‘There are no bad tyres’

Al Dobowi Group chairman Surender Singh Kandhari’s spoke on “the emergence of budget tyres” at the recent Automechanika Middle East his argument that there is no such thing as a bad tyre may have raised some eyebrows, but it certainly got the audience thinking. Highlighting that the combination of ambitious manufacturers based in emerging markets and increasingly tough legislation has seen so-called budget brands rapidly increase sales volumes and standards, his most memorable comment came when he posited: “There are no bad tyres; only good ones and better ones.”

When Tyres & Accessories asked how this view compared with Michelin’s published opinion that the forthcoming European labelling laws will lead to a roughly 30 per cent reduction in the number of Chinese firms able to export to Europe, he answered with his view that these firms won’t be able to survive as exporters and won’t be present in markets like Japan (which already has labelling), Europe after 2012, and then the US, followed by markets such as Brazil and the Middle East. Therefore, he explained the legislation will demonstrate that “bad tyres don’t exist.”

His argument is based on the observation that recent years have seen various international tyre market become increasingly polarised. With most tyres being classified as either budget products or premium products, there has reportedly been an inevitable constriction of the middle ground. The apparent flaw with this bipolar view of the market is that distinctions relating to premium or budget quality up till now have largely been made on the basis of price. The argument is that this alone does not always fairly equate to either quality or value.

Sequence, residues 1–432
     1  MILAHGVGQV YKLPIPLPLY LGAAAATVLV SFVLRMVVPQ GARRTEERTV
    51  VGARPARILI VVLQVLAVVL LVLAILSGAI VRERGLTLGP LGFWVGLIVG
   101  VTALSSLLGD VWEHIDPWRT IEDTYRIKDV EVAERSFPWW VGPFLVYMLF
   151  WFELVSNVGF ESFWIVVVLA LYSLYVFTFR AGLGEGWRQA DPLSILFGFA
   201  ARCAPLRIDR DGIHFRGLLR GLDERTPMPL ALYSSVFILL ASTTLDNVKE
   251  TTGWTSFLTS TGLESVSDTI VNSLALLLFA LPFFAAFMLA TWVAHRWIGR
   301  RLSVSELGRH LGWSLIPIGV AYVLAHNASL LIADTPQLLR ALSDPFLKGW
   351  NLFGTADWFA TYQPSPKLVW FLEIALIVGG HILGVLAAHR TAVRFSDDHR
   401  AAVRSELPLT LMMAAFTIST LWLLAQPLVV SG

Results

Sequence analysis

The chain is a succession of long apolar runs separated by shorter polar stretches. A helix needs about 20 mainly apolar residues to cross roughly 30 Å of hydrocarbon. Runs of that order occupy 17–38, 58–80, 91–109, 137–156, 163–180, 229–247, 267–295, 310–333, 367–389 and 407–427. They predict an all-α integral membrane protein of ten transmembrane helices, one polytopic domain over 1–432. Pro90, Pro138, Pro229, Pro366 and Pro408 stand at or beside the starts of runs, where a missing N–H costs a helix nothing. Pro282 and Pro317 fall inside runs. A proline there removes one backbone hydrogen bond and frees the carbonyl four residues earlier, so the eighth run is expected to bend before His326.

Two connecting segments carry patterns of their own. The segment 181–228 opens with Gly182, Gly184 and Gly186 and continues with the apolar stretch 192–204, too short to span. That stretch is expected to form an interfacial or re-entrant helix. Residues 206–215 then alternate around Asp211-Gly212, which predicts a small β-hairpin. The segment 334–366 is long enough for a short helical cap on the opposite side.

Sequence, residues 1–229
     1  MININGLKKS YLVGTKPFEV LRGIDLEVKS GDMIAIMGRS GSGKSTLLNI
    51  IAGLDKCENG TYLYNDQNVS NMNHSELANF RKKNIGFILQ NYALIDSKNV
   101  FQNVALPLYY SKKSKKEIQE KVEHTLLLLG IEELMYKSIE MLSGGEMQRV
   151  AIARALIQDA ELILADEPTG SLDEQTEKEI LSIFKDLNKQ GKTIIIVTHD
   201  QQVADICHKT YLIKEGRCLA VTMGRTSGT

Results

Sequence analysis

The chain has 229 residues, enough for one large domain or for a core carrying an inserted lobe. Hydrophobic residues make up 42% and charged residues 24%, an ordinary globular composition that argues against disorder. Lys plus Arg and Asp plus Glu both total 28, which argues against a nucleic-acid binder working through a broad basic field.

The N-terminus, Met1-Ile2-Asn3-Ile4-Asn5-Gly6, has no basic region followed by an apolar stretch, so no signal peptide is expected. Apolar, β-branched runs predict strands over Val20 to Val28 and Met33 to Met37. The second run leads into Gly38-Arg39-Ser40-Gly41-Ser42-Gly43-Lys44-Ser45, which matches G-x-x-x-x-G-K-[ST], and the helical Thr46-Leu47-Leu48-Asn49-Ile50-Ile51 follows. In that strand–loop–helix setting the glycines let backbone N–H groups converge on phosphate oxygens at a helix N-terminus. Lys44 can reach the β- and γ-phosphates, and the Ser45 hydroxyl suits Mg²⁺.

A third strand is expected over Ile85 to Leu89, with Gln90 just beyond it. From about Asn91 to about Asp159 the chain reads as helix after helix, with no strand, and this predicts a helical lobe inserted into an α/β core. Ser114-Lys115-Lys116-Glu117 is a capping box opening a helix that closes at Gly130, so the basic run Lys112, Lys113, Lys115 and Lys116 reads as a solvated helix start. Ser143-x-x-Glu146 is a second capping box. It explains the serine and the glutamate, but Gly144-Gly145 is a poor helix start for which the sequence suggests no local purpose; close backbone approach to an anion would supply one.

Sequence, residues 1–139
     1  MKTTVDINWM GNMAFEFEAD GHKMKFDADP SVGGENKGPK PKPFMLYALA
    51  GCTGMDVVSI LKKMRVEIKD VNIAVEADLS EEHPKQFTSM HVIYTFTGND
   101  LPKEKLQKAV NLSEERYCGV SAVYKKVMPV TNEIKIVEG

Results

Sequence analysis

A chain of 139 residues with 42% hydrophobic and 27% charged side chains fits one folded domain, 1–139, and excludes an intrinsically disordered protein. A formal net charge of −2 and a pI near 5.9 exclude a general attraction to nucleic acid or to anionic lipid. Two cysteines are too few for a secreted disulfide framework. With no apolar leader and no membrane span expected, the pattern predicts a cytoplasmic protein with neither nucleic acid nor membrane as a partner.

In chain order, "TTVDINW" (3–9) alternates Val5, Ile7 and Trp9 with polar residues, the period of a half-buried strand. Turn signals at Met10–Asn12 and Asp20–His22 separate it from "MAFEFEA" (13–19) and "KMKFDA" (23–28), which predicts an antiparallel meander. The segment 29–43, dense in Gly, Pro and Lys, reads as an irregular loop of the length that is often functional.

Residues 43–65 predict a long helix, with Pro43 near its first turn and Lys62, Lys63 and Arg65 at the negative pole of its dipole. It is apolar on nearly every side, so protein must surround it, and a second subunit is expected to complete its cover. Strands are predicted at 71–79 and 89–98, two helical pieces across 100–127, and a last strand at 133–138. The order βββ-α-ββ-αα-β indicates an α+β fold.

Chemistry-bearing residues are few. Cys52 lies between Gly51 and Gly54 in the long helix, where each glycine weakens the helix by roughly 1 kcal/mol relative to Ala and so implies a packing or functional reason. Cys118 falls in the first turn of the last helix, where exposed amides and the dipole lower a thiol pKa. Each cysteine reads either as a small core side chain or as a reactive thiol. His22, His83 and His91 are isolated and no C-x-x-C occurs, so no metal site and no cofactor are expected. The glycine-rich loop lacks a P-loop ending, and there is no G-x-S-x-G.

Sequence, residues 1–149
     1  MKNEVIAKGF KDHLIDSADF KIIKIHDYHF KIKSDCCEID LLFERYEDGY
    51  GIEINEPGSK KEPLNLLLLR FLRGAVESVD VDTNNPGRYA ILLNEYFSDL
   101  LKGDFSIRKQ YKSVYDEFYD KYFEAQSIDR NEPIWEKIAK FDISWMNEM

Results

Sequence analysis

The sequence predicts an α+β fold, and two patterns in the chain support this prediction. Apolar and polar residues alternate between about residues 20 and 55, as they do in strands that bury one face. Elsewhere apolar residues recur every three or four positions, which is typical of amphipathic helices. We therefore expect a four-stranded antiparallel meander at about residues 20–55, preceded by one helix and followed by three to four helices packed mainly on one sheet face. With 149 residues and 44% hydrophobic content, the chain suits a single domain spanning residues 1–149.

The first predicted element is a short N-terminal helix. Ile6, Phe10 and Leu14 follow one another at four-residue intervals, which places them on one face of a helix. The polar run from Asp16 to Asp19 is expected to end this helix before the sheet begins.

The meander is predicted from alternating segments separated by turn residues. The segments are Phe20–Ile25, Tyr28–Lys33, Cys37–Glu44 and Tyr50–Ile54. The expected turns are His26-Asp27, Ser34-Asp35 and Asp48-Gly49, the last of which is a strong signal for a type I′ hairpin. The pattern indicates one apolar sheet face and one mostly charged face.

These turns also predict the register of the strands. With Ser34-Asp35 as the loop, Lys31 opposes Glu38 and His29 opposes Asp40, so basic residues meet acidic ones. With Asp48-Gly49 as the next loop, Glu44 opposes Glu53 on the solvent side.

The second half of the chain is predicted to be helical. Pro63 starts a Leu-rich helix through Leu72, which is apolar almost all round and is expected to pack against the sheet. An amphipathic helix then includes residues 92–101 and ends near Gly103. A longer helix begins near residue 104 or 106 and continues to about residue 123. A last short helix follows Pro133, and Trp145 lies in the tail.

Referring to the amounts leading tyre manufacturers, who products are commonly referred to as budget tyres, Kandhari continued: “No-on spends US$200 million on building a factory to make bad products.” His view is that premium brands, which he prefers to call legacy brands, are fighting hard and increasingly being forced to compete with the budge/economy/mid-range portion of the market.

While some might see the 2012 labelling laws as being the best way of separating the wheat from the chaff, Kandhair was optimistic about the performance of lower-costs products: “When economy tyres achieve a B or C rating, they are as good as a premium.” The obvious inference is that some budget tyres are expected to reach this level, a comment that particularly striking when you consider that Surrender Singh Kandhari’s Al Dobowi business is responsible for distributing the Westlake and Infinity brands (produced at Hangzhou Zhongce and Linglong respectively) through distribution partners across major tyre markets in Europe, the middle East and Africa.

‘The Internet has helped

“The Internet has helped a lot. 8 – 13 per cent of Europeans buy tyres online” Kandhari said during his presentation, pointing out that online shopping has made consumers conscious of the price they pay for tyres. Perhaps as a result, markets across Europe as a whole are said to be witnessing budget sectors growing 10 to 20 per cent a year. Concrete examples are the 20 per cent and 28 per cent shares budget tyres now occupy in Italy and France respectively. As fast as this growth has been, with Al-Dobowi estimates suggesting that Budget tyres now account for 52 per cent of sales in the UK market, this is proportionally more tyre sales than any other.

A future impetus is likely to be Chinese manufacturers’ continuing efforts towards gaining OE. If they are successful at winning over some high profile names they will have scored significant points towards winning “the ultimate argument for quality” said Kandhari, adding that while “there are no bad tyres, only good ones and better ones…the future trend will be that price has to be good and quality has to be good.”

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